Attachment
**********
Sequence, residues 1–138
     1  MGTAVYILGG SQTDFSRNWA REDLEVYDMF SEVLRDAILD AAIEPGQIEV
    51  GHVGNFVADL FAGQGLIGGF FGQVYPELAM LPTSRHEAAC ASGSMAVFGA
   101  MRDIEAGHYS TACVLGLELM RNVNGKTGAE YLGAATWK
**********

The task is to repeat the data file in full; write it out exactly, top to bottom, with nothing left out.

Sequence, residues 1–138
     1  MGTAVYILGG SQTDFSRNWA REDLEVYDMF SEVLRDAILD AAIEPGQIEV
    51  GHVGNFVADL FAGQGLIGGF FGQVYPELAM LPTSRHEAAC ASGSMAVFGA
   101  MRDIEAGHYS TACVLGLELM RNVNGKTGAE YLGAATWK